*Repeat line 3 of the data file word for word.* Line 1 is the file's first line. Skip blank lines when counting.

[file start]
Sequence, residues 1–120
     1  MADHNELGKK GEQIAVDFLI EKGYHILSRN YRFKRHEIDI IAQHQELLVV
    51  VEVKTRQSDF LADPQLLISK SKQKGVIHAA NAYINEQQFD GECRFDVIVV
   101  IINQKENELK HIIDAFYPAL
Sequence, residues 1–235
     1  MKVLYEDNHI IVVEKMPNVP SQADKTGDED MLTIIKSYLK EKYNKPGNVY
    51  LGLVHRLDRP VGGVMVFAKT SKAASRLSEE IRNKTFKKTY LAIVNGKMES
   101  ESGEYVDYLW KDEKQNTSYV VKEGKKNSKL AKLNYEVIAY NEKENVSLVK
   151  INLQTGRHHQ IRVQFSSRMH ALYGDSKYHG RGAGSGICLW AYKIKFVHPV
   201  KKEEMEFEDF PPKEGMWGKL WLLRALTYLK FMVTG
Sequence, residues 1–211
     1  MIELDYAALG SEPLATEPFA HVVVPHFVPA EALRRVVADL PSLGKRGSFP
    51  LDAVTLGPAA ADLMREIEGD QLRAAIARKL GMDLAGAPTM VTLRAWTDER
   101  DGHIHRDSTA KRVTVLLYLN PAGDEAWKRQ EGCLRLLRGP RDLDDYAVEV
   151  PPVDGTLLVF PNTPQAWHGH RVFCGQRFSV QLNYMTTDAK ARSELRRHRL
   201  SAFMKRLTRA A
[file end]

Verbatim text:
    51  VEVKTRQSDF LADPQLLISK SKQKGVIHAA NAYINEQQFD GECRFDVIVV